The church didn’t begin looking for its next pastor until the following spring. Before this, the church asked Lawless to lead them in revising its constitution and bylaws. As part of that transition, the church planned to move from a pastoral leadership team to a plurality of elders. According to the new constitution, several elders needed to be on the pastoral search team, which meant the church had to elect elders before hiring a new pastor.
“Honestly, I think taking the time to do that, to help address some things that needed to be addressed was exactly the right move, because that kept it off the back of [the next pastor],” Lawless said. “So that the next guy coming in didn’t have to do any of that stuff. We had it set up for his arrival. So we took our time.”
As the church began its pastoral search, it turned to a familiar face. Randy Mann, who at the time pastored Central Baptist in Henderson, had previously been a lay leader and a staff member at Wake Cross Roads. Mann had told God he’d go anywhere except back home to Alabama or back to Wake Cross Roads. When the search committee called, Mann declined, but he gave them some other names to consider.
Yet God wasn’t quite through with Mann on the subject. God had given him no peace about saying no. During a personal spiritual retreat, God questioned whether he was really willing to go anywhere if he wouldn’t consider Wake Cross Roads. After God worked on his heart, Mann submitted his resume to the church.
“When I hit send, it’s no exaggeration to say from the time I hit send, the two-word phrase I used over and over again over the next many months—even during crazy times and what felt like fast processes and meetings—was profound peace,” Mann said. “That was just the consistent experience in those dialogues with the search committee, open meetings with the church family and such.”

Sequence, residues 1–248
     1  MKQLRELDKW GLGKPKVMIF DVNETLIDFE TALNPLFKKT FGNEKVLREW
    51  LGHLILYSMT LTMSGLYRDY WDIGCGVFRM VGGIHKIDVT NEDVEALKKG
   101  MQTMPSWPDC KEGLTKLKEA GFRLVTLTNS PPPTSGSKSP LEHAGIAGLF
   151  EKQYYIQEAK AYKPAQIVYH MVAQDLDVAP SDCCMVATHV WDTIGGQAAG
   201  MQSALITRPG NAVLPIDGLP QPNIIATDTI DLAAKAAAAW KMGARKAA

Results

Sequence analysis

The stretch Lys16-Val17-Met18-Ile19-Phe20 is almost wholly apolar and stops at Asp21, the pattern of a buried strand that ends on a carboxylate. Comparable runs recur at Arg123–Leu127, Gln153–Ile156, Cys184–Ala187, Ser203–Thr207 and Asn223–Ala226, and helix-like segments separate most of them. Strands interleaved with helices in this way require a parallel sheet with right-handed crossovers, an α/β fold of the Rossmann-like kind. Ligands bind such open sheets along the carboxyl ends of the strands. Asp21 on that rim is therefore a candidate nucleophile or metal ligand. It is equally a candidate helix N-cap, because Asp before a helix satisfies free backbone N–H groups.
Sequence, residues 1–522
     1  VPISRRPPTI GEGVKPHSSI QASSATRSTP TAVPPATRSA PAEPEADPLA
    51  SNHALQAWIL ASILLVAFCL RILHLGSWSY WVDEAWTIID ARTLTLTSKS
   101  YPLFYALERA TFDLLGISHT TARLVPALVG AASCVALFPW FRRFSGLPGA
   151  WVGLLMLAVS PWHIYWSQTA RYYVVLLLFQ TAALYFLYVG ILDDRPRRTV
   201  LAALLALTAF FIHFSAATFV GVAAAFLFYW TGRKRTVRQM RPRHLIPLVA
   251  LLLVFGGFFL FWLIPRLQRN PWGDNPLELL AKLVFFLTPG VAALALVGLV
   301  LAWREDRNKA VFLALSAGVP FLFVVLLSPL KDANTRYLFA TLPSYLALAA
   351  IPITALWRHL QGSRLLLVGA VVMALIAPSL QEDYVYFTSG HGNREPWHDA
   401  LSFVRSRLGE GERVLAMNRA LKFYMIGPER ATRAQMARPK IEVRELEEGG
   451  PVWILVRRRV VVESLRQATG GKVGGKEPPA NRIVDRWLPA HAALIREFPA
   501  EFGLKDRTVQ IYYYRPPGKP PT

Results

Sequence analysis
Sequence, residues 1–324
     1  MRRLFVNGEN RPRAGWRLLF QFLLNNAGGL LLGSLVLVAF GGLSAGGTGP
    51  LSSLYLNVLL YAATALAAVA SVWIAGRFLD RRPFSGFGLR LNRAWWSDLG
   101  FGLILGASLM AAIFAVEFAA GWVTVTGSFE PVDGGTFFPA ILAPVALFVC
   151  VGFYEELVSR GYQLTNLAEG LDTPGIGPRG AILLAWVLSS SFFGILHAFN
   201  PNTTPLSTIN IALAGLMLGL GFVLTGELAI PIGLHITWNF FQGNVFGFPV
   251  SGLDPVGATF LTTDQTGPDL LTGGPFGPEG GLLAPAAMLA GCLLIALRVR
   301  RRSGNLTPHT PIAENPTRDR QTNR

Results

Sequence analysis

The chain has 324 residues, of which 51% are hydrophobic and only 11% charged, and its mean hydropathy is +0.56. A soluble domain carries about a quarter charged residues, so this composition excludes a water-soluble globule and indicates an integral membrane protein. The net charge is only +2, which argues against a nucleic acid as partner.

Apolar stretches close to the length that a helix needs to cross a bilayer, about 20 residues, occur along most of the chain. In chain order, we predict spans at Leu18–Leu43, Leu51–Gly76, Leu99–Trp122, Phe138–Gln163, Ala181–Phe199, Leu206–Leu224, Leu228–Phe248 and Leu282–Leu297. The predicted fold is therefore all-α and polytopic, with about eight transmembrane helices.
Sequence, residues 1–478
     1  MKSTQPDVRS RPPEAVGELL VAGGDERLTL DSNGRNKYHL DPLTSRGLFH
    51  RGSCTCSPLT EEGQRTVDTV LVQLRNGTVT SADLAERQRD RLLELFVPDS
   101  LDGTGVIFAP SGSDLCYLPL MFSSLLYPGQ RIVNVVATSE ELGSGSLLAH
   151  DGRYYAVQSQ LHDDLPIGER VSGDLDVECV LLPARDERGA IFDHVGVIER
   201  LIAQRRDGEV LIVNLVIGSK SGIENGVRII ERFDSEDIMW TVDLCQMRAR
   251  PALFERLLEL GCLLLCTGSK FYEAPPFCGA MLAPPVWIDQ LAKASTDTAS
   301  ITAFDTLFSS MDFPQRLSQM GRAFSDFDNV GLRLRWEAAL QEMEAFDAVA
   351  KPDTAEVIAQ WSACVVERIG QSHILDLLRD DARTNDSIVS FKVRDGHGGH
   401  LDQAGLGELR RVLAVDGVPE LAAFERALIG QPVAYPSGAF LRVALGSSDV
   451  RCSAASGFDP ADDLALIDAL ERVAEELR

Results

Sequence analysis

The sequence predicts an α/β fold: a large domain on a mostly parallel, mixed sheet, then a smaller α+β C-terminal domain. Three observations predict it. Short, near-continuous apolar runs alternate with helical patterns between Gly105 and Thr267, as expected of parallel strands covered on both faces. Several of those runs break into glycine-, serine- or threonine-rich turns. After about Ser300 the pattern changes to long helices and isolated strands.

Mann says he appreciates the intentional interim period Lawless led the church through before his arrival. He believes it made for a smoother transition when he became the pastor in January 2022.
Regularly, Lawless told church leaders throughout the interim period he wanted “the church to be moving forward, so the new guy, whoever he is, has to run to catch up with what God is already doing.”
“And that’s been so true,” Mann said. “So the freedom has been to just be able to jump in and begin to steer a church that’s already on the road and moving forward with a clean bed in the back.”
In the few months Mann has led the church, God has already begun blessing it. They’ve seen new families arrive and a strong showing at the church’s membership classes.
“What that means is, God was sending those people already and so there just was a sense of excitement of seeing God at work here, and we want to be a part of it,” Mann said. “And so, to come in and not to have to light wet wood on fire, but simply just to begin to pray and just ask the Spirit of God to blow into an even greater flame what’s already burning, what an exciting opportunity that is.”
(EDITOR’S NOTE – Tobin Perry is a freelance writer with more than 20 years of writing experience with Southern Baptist organizations. He can be reached at TobinPerry.com.)